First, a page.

Standard active-safety tech includes automatic emergency braking, adaptive cruise control, active lane control, blind-spot monitors, parking sensors, and automatic high beams. This is an impressive array of standard safety gear for a luxury automaker; most legacy premium brands are loathing to even make automatic emergency braking standard. We hope the competition takes notice.

As for infotainment technology, every GV70 gets a massive 14.5-inch horizontally-oriented touchscreen located atop the dash. It bundles the usual features: Apple CarPlay and Android Auto, Bluetooth, satellite radio, and voice command. Pick your preference for navigating the system: voice, dial, steering-wheel controls, or touch are all on offer. All options work well, so choose what feels most natural to you. We're partial to the dial in the center console.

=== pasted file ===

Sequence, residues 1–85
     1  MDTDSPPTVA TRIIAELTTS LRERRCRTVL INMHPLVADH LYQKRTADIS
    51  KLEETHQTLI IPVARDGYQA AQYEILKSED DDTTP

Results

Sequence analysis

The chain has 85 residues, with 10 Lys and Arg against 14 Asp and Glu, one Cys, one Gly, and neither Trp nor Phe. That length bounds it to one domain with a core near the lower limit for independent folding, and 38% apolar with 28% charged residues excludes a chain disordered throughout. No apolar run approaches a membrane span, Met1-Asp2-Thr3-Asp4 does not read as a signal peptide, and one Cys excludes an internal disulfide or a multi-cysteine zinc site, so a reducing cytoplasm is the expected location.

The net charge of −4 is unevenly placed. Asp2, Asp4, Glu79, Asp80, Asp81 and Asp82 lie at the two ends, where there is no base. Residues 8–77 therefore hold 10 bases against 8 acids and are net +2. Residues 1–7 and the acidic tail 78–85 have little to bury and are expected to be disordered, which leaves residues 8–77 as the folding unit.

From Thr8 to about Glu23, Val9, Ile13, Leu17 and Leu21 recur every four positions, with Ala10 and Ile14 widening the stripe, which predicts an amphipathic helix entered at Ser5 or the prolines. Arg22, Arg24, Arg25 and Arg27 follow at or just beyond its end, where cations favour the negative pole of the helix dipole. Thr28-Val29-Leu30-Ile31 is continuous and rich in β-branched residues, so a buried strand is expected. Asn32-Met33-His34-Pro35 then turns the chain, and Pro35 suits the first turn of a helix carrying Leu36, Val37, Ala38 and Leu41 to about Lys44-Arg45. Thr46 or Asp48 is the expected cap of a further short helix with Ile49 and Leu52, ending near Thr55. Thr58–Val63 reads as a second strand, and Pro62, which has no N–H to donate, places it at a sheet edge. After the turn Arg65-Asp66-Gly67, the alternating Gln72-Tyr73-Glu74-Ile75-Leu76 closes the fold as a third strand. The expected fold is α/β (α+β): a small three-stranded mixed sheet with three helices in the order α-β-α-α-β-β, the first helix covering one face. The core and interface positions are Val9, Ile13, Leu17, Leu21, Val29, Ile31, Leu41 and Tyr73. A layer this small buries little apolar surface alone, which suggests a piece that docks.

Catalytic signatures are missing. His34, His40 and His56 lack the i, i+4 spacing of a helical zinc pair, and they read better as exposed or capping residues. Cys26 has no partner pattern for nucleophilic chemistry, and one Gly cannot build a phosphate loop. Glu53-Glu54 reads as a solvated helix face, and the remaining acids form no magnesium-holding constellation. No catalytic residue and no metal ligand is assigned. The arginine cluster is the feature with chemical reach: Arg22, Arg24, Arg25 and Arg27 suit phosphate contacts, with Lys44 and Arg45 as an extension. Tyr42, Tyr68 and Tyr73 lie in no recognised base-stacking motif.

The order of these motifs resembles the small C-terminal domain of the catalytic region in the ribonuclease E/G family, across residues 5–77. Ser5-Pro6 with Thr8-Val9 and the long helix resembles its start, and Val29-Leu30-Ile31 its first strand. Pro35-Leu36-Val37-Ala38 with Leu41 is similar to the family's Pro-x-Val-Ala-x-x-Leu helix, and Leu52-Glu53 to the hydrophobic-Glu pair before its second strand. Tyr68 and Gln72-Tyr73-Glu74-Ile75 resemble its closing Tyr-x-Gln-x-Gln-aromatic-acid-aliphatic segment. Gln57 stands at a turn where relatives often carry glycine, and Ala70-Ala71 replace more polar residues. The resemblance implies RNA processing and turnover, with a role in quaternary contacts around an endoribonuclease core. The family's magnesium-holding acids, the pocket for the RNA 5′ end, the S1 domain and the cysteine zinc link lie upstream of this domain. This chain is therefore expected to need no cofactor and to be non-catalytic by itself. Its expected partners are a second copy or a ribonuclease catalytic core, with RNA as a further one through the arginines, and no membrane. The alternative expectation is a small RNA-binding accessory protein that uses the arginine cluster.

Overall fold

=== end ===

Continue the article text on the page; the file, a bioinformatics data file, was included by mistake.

The screen is crisp and nicely rendered, but the native software features lots of menus and submenus. Learning it from scratch will take some practice sessions in the driveway for most owners, we imagine. It doesn't help that some features are hidden in odd places. Budget time to learn the system, or otherwise you'll never figure out how to turn on the massaging seats when you suddenly crave them.

Final thoughts. The GV70 is a standout first attempt at a small SUV. It nails the styling inside and out, and the powerful engines that are on offer are icing on the cake. Quality feels up to snuff, and the level of standard technology is impressive. We can't help but wonder how Genesis manages to price it at just $42,000 to start.

For those tired of the same three German brands dominating the luxury market, this Genesis is a bit of fresh air. It's new, novel, and unique. It invokes a sense of class and luxury, and does so without having a heritage to lean on. It's an impressive feat in this day and age – and underscores the competence of this segment newcomer.